“The pandemic has me lost for words,” he said. “Whoever thought they would see this day?”
His volunteer team also includes his wife Natasha Curtin and the kitchen staff for who cooking meals for frontline workers and local families has become a routine.
“The least I can do is to cook for them a good meal,” said Morrison. “Frontline workers are the people that stepped up to the plate when they were needed the most, and the sacrifices that they are making throughout the pandemic should never be forgotten. They worked days, nights, weeks, and months without thinking about themselves and without seeing their families.”
Morrison did not launch a fundraiser, but personally invested.
“I began feeding frontline workers at LIJ Forest Hills on one of the first Fridays of the pandemic,” he said. “They were so happy and enjoyed the food so much, that I told them I will be back every Friday to serve lunch. That's what I've been doing three months later. Now I call them my friends.”
After posting photos on Facebook, patrons approached him with an interest in donating, so nearly every week someone would assist with the costs.
“Joe Forgione of Cord Meyer Development Company said that they would like to help,” Morrison said. “We fed a firehouse in Woodside and 100 frontline workers at NewYork-Presbyterian Queens and LIJ Forest Hills.”
Morrison’s wife is a Forest Hills High School teacher.
“She brought it to my attention that many of her students and their families would be in need of food during these hard times, so we picked a few families that we thought we could help most and began delivering cooked dinners and other goodies,” he recalled. “Then one day it came up in conversation with one of her colleagues, and before we knew it all teachers in my wife’s department began donating money.”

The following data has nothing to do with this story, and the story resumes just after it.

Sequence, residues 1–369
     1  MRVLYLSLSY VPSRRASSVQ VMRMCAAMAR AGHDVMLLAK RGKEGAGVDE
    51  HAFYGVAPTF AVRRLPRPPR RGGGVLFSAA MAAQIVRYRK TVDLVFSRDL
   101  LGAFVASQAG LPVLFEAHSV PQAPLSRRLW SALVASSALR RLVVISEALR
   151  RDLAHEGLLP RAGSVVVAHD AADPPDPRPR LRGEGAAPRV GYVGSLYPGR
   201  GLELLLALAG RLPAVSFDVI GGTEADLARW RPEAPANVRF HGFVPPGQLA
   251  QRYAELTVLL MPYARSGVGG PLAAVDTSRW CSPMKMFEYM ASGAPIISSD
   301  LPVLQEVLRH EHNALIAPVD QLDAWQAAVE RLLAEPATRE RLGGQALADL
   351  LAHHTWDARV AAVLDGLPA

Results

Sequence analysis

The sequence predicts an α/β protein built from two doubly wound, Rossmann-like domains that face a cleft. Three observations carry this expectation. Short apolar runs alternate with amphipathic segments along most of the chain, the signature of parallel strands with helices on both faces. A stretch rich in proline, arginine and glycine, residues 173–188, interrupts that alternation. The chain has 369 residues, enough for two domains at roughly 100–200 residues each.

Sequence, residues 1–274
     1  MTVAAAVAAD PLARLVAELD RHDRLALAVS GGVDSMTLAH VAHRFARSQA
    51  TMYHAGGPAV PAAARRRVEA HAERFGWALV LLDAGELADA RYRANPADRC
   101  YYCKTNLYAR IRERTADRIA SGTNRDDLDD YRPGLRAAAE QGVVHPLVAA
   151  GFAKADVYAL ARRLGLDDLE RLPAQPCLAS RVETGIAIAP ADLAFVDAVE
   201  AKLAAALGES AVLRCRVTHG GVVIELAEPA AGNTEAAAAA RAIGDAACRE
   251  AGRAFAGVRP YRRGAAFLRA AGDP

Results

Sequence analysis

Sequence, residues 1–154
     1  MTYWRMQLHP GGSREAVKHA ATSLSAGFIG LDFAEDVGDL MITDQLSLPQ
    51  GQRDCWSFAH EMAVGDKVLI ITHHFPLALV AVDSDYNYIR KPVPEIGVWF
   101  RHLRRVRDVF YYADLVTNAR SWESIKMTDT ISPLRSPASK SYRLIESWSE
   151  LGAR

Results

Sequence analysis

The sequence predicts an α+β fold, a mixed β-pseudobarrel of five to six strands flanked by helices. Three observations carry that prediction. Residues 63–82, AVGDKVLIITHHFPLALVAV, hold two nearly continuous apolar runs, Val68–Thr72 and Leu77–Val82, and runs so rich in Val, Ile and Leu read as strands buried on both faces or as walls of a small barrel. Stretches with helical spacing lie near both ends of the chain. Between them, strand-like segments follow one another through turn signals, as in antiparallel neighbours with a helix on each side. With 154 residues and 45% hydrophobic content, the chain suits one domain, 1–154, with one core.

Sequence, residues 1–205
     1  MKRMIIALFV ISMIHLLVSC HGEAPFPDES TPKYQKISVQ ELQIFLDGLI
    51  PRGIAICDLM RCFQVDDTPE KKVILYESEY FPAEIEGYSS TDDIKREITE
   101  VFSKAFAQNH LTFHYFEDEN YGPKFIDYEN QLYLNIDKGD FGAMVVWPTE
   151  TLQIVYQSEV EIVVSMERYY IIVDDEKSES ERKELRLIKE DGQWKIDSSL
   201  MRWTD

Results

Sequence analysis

For the past two months, they have delivered hot dinners and other foods to five families per week.
“You see on their faces that they are very thankful, and it makes you want to become a better person,” Morrison said. “When you see how affected people are, you wonder what this world is coming to, and what we can do to help fix it. If you are in a position to help someone, then do so.”
Austin Public opened in 2013.
“We felt that Forest Hills needed a local bar where you can relax and be yourself,” Morrison said. “We serve premium food and cocktails at a good price.”
Morrison, 41, is grateful for his parents Francis and Josephine, who live in Fermoy in County Cork, Ireland, where he immigrated from in 2001.
“They made me the man that I am today,” he said. “Growing up, we were always told to help people in any way we can. Being in the bar and restaurant business all my life, following in my father’s footsteps, you meet many people from all parts of the world. To hear their trials and tribulations and stories makes you want to be a better person.”
Morrison stressed the importance of small businesses, which are currently in dire straits.
“If you do not have mom-and-pop shops in the community, why would people want to visit or even live here?” he said. “They are a community’s backbone and employ many people.”
Morrison also collaborates with “Backpacks For The Street,” a nonprofit that helps the homeless population by providing backpacks filled with life necessities. The organization was founded by Forest Hills residents Jeffrey Newman and Jayson Conner.
“If I have seen anything in this pandemic, it is how people have stepped up to the plate and showed people what they are really about, from frontline workers to our neighbors,” he said. “Everyone needs to stand united and help people who may be less fortunate.”
Austin Public is currently open daily from 11 a.m. to 10 p.m. Orders can be placed by calling (718) 575-0070, or through Grubhub, Postmates, and Uber Eats. Curbside pickup is also available.